- On a per capita basis, it’s worse than that. When you correct for the fact that the US population overall has grown 10 percent in the past decade, the overall decline is more like 18 percent.
My Note: This is a lot more than just fear-mongering; statistically, the distinction is important. If we’re trying to measure the gross output of the industry, we should look at the base numbers. If we’re trying to measure our ability to penetrate the market, we should look at per capita. Both are important metrics, but they measure very different things.
So What’s It Mean?
Like a lot of reports, you can make the 2010 NSGA numbers mean pretty much anything you want them to. Advocacy types will point to the steady growth of the number of cyclists over time, and with some justification. Enthusiasts and bike brands will look at the growth of their core “Frequents” group — and especially the growing adoption of frequent cycling by women — as a selling point.
Here’s what the report has to say:
As the cycling universe shrank around the edges, its core got harder. Over the last decade, the industry has benefitted from rapid growth in groups that promote “bicycle culture,” which integrates bicycling into daily patterns of work and play. Groups like the Rails to Trails Conservancy have become effective advocates for cycle touring, while the International Mountain Bicycling Association and other groups are giving people better ways to plug into performance-oriented cycling. Meanwhile, urban activists have formed organizations in virtually every metropolitan area in the US, such as Transportation Alternatives in New York City, to promote bicycling as a form of daily transportation and exercise.
These groups have re-defined American bicyclists as a special interest group. They are the main reason why the numbers of American adults who ride a bicycle at least 110 days a year increased 12 percent during the decade, even as the total number of adult riders was essentially flat (see table 2). And in a particularly important finding, women appear to be sharing in the growth of bicycling culture. The number of women who ride frequently increased by more than 100,000 between 2000 and 2010, even as the total number of women riders decreased by almost 1.3 million.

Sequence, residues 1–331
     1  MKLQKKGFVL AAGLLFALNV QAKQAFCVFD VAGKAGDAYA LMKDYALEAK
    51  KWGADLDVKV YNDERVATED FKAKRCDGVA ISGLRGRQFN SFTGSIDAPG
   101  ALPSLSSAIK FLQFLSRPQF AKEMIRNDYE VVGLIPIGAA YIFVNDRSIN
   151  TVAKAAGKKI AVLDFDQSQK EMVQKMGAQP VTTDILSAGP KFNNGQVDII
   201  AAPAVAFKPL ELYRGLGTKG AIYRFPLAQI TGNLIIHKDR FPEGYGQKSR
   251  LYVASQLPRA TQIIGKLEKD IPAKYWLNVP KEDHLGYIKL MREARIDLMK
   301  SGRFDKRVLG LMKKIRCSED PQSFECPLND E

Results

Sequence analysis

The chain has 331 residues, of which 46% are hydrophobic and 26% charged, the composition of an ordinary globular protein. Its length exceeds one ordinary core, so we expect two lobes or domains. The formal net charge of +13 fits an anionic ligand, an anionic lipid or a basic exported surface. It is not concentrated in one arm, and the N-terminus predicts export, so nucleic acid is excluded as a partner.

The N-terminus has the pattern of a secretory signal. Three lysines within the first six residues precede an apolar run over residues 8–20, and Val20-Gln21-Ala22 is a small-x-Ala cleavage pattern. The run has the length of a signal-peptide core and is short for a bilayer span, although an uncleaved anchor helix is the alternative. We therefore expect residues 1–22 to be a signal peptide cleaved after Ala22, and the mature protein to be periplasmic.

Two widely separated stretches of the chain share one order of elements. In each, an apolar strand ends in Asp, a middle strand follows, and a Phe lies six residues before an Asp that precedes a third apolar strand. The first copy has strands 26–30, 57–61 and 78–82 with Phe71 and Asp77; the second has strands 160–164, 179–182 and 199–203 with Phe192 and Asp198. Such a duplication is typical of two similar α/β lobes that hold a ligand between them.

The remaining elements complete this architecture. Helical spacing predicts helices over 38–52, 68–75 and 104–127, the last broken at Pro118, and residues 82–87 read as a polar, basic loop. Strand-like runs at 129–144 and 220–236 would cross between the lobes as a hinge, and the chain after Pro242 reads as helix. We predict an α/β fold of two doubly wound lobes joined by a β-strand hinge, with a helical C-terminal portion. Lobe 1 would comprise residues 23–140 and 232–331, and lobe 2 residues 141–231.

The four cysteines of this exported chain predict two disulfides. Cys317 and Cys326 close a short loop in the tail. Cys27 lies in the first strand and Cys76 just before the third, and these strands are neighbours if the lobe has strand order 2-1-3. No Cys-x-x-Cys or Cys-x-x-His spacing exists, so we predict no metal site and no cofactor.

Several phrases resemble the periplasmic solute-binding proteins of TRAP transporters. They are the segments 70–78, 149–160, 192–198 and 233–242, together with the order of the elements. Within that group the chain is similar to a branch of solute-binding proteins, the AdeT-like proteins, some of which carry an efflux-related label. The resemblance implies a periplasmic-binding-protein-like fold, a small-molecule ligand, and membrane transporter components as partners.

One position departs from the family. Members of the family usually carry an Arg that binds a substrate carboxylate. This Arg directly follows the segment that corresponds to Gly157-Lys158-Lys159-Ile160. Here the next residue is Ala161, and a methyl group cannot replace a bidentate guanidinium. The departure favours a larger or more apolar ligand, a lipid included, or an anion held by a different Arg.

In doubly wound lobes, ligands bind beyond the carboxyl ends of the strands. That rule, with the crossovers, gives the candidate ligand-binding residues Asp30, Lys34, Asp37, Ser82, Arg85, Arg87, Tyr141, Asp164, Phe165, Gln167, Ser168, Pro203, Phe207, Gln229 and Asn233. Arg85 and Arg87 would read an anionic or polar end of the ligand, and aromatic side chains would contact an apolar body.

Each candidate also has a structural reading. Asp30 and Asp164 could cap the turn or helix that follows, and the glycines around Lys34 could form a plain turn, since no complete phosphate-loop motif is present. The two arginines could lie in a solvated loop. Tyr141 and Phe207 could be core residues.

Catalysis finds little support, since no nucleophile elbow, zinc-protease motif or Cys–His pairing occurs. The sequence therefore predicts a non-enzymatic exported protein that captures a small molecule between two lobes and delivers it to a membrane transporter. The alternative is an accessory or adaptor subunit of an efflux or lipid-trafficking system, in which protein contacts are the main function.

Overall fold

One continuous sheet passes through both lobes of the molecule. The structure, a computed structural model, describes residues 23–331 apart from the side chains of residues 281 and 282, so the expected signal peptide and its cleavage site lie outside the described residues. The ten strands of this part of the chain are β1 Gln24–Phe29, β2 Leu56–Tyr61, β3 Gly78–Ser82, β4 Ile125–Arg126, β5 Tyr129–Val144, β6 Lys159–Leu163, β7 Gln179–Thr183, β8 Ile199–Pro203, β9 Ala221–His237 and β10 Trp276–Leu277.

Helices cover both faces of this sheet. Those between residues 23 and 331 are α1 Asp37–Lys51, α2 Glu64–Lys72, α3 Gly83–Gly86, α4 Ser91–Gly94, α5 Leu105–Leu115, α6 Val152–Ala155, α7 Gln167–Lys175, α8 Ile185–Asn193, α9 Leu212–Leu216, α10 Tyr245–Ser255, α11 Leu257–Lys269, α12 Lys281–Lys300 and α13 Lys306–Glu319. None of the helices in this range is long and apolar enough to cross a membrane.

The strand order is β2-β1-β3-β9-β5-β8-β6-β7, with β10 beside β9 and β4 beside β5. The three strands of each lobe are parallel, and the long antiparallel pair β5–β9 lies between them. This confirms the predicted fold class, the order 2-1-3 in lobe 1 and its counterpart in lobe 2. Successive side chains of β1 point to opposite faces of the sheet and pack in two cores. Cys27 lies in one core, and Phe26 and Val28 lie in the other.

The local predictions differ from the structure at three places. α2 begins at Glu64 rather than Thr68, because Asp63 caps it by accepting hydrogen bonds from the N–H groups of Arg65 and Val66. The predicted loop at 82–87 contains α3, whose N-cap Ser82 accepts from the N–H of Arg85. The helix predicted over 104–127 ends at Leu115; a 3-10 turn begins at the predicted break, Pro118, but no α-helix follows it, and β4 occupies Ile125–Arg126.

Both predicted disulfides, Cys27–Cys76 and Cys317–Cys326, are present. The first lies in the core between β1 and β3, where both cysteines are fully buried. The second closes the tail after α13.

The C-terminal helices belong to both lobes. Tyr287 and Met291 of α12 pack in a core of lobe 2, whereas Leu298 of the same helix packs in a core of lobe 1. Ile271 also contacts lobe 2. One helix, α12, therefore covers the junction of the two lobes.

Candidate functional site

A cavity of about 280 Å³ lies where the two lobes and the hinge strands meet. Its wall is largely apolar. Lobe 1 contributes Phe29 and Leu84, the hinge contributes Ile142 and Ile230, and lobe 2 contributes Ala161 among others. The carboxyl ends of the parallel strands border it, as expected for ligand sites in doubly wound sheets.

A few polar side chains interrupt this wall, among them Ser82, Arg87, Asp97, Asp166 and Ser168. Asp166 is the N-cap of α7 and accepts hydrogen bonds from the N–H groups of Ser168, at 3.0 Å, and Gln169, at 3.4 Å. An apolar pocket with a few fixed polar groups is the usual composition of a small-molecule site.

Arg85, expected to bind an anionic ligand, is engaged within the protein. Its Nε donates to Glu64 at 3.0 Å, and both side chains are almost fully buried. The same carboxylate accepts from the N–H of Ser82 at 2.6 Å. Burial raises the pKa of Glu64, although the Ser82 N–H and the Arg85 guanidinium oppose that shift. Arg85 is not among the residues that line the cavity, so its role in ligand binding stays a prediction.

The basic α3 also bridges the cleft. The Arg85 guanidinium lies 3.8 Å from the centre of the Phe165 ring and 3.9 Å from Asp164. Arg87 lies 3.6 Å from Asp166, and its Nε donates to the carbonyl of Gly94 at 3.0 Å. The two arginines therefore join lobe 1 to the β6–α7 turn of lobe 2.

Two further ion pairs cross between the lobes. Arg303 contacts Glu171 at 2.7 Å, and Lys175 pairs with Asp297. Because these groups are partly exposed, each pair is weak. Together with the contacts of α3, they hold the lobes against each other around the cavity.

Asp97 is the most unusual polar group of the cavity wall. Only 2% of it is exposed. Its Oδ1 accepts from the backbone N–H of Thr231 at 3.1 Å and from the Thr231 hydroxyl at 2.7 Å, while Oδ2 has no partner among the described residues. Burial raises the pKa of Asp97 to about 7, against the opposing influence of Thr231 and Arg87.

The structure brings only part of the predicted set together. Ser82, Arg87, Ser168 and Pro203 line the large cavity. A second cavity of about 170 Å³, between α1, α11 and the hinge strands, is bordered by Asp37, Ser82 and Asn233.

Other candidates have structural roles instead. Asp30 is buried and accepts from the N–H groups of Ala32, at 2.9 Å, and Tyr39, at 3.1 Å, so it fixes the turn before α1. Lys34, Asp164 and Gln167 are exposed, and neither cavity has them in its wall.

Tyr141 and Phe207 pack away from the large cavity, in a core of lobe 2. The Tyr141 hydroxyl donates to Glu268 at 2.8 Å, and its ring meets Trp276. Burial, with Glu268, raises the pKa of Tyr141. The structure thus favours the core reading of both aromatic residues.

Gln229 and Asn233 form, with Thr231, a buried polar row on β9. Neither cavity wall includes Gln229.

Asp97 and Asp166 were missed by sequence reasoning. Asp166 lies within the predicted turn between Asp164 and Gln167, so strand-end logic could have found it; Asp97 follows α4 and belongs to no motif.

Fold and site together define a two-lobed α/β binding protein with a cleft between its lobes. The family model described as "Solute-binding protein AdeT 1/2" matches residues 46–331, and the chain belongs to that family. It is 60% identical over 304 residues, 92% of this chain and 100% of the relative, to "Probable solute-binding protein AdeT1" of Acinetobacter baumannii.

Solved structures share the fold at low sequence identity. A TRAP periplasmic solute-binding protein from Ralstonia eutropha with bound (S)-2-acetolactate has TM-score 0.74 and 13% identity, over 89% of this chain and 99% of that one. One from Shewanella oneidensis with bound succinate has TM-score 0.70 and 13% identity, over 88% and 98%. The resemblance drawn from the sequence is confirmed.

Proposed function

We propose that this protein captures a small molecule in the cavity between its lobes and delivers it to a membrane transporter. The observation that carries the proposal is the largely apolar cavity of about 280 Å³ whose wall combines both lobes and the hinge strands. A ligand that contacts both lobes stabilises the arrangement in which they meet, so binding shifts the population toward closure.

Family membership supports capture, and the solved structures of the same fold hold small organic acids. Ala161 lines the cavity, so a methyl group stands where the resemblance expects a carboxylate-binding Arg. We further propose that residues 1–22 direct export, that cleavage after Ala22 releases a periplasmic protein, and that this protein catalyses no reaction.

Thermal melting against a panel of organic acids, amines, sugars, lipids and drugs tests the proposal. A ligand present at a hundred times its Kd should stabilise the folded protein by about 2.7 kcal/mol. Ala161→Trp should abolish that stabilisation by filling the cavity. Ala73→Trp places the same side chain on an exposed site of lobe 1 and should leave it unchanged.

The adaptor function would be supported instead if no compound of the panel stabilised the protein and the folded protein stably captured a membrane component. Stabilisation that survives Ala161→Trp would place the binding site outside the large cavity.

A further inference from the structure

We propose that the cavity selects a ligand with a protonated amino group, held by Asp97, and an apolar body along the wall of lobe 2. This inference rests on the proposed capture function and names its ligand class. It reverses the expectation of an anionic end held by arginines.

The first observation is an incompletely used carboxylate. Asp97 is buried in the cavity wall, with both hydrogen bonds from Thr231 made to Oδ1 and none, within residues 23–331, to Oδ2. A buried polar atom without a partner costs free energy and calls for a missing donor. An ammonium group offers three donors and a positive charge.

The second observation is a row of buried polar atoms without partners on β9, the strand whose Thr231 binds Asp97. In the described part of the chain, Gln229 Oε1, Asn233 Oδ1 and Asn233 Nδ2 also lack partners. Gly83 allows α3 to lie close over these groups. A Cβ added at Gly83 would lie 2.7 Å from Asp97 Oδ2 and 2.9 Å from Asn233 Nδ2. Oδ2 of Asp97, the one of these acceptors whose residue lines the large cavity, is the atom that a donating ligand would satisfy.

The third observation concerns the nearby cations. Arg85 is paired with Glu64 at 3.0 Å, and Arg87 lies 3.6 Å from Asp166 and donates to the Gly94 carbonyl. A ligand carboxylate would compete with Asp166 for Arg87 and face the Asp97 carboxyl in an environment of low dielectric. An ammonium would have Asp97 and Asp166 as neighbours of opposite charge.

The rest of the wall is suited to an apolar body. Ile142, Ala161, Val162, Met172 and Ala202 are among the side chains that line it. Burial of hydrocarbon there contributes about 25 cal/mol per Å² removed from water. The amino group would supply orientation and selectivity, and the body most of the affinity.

I really like that phrase, These groups have re-defined American bicyclists as a special interest group. For me, that’s the biggest single takeaway of the entire report. And depending on how you read it, it's either a good thing or a serious threat to our future as an industry.
But these are just the highlights. (Well, that plus some snarky comments from me.) The report itself is eight well-written pages, packed with a lot more information than I’ve been able to touch on here, including a number hard-hitting conclusions which I’ll leave for another post. It’s very well presented, too, and best of all, the folks at GTG are giving the whole thing away, for free.
To get your copy just drop Jay Townley a line at Jay (at-sign) gluskintownleygroup (dot) com ...and tell him I sent ya.
Disclaimer: Rick Vosper was an Associate of the Gluskin-Townley group from 2008-2010. He is not currently affiliated with them, nor does he especially like referring to himself in the third person.